“We are much more coordinated than I think we have been” with the prudential regulators, said Kenneth Blanco, Fincen’s director, noting that he regularly meets with the heads of the agencies. “We have monthly meetings to talk not only about innovation, but about things that are happening out there in the financial sector, how we can work together, how we can be more efficient.”

Blanco said he has invited bank CEOs to meet with him privately to discuss their concerns about the system. “I will walk them through exactly what it is we’re using their information for, so that they can understand that the information — and the money that they’re spending — is valued,” he said.

Fincen has similarly indicated that it’s working with a private vendor on a process aimed at determining what’s working and what isn’t under the current regime.

“If you think about it on its face, what is the value of BSA? It sounds like a pretty simple question, but it really is hard — people in different agencies and institutions put different value on different pieces of information,” Blanco said.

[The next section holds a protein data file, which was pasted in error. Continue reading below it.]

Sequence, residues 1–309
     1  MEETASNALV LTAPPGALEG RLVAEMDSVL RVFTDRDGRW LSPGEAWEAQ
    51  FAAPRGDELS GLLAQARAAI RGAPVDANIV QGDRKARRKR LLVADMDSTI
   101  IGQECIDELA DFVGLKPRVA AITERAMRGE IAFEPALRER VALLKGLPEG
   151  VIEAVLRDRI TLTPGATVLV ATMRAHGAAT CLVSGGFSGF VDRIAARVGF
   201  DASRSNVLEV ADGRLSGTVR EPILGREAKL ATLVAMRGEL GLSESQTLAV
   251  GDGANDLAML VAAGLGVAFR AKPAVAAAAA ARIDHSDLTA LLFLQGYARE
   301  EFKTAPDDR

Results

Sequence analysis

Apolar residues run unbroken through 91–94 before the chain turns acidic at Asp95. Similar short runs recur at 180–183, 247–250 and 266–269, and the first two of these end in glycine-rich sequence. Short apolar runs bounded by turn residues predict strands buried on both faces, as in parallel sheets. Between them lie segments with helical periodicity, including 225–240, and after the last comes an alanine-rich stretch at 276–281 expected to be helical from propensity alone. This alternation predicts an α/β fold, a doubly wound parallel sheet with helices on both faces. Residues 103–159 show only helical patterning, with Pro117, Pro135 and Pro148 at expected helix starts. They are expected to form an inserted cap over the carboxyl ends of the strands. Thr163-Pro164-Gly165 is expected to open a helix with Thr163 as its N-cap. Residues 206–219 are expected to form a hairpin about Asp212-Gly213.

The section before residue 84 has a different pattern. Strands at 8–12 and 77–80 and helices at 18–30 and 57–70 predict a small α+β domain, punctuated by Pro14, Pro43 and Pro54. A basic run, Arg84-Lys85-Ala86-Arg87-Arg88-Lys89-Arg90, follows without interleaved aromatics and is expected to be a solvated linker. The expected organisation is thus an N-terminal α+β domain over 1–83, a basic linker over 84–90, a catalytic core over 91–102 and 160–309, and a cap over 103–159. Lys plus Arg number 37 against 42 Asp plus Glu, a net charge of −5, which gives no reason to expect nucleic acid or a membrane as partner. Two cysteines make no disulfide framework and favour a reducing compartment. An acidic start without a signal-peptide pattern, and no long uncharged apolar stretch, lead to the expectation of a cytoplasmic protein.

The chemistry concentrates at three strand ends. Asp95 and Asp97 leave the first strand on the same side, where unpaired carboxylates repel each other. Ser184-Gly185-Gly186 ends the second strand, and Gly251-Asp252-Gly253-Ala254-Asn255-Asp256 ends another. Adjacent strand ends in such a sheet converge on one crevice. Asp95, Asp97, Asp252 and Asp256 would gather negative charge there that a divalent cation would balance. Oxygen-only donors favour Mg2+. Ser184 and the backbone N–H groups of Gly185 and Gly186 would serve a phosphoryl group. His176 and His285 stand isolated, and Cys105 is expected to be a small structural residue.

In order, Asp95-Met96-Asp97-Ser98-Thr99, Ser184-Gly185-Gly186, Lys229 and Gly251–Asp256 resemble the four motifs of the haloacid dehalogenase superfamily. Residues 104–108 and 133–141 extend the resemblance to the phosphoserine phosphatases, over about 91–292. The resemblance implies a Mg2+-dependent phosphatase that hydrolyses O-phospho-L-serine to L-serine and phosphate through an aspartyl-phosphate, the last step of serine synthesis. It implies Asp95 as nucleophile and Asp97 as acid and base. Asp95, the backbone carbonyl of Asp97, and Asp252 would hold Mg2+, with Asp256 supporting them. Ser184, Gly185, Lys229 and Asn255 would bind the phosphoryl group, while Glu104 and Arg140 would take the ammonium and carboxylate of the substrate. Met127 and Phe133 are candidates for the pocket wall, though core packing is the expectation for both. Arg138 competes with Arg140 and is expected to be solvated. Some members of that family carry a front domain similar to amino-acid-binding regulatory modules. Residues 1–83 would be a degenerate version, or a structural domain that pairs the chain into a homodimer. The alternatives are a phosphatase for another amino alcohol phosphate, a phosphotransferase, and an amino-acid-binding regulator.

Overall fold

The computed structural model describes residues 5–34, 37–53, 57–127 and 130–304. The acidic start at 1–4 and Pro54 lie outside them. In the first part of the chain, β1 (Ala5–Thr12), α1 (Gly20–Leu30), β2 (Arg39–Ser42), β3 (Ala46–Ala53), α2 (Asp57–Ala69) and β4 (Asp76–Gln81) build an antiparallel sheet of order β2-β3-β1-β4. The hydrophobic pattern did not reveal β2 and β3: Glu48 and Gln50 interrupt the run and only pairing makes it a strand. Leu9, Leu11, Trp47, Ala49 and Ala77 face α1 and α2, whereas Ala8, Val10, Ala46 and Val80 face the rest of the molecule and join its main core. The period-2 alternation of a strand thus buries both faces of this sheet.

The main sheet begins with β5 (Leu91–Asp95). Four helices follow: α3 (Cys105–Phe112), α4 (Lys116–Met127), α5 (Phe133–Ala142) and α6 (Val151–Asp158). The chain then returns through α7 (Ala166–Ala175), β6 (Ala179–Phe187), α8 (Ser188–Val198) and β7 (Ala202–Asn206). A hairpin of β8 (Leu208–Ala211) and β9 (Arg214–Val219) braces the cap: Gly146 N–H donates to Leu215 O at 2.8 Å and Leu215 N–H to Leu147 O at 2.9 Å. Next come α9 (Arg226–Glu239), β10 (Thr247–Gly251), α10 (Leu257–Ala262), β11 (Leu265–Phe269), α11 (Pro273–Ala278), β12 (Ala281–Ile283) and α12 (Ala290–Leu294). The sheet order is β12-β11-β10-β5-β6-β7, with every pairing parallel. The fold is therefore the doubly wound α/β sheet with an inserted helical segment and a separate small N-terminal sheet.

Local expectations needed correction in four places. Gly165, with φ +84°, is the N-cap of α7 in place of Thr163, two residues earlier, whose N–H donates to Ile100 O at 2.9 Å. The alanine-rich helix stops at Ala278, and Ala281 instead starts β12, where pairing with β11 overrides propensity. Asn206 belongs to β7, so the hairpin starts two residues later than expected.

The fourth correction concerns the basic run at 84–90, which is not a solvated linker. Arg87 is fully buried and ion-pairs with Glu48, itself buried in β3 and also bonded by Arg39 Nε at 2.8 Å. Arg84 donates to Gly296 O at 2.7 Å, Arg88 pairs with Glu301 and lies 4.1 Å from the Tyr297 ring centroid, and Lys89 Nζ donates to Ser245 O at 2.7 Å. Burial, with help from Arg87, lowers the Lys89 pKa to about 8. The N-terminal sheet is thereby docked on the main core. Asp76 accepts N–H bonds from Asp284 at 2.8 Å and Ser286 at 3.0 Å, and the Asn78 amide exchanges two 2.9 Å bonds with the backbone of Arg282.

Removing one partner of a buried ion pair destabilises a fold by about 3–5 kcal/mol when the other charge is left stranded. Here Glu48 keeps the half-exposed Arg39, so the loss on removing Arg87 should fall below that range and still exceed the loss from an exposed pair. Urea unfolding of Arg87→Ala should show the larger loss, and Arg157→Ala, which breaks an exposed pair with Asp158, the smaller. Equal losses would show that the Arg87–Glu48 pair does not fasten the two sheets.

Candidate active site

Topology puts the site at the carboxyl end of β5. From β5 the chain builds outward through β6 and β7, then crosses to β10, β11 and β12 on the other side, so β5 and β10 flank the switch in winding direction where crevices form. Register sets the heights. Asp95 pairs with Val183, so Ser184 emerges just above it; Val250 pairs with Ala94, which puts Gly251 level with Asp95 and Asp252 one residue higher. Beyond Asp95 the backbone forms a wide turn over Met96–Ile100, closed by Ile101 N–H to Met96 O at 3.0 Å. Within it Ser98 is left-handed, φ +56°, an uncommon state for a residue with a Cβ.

But bankers don't necessarily feel like Fincen is working with them.

"If you go up to the Hill and talk to the legislators, they hear from Fincen and they want to keep things the way they are," said Jim Reuter, the president and CEO at the $18.5 billion-asset FirstBank Holding Co. in Lakewood, Colo. "The problem is that we are still operating as if it was 25-30 years ago. I feel like if we worked together, banking and Fincen, we could just be much more strategic."

At the same time, broad AML legislation recently introduced by a bipartisan group of senators — Mark Warner, D-Va., Doug Jones, D-Ala., Tom Cotton, R-Ark., and Mike Rounds, R-S.D. — would require the Department of Justice to report annually on how frequently law enforcement agencies use Bank Secrecy Act reporting as part of their investigations. The bill would also establish beneficial ownership reporting requirements and mandate a number of steps aimed at improving coordination between all of the different players in the regime.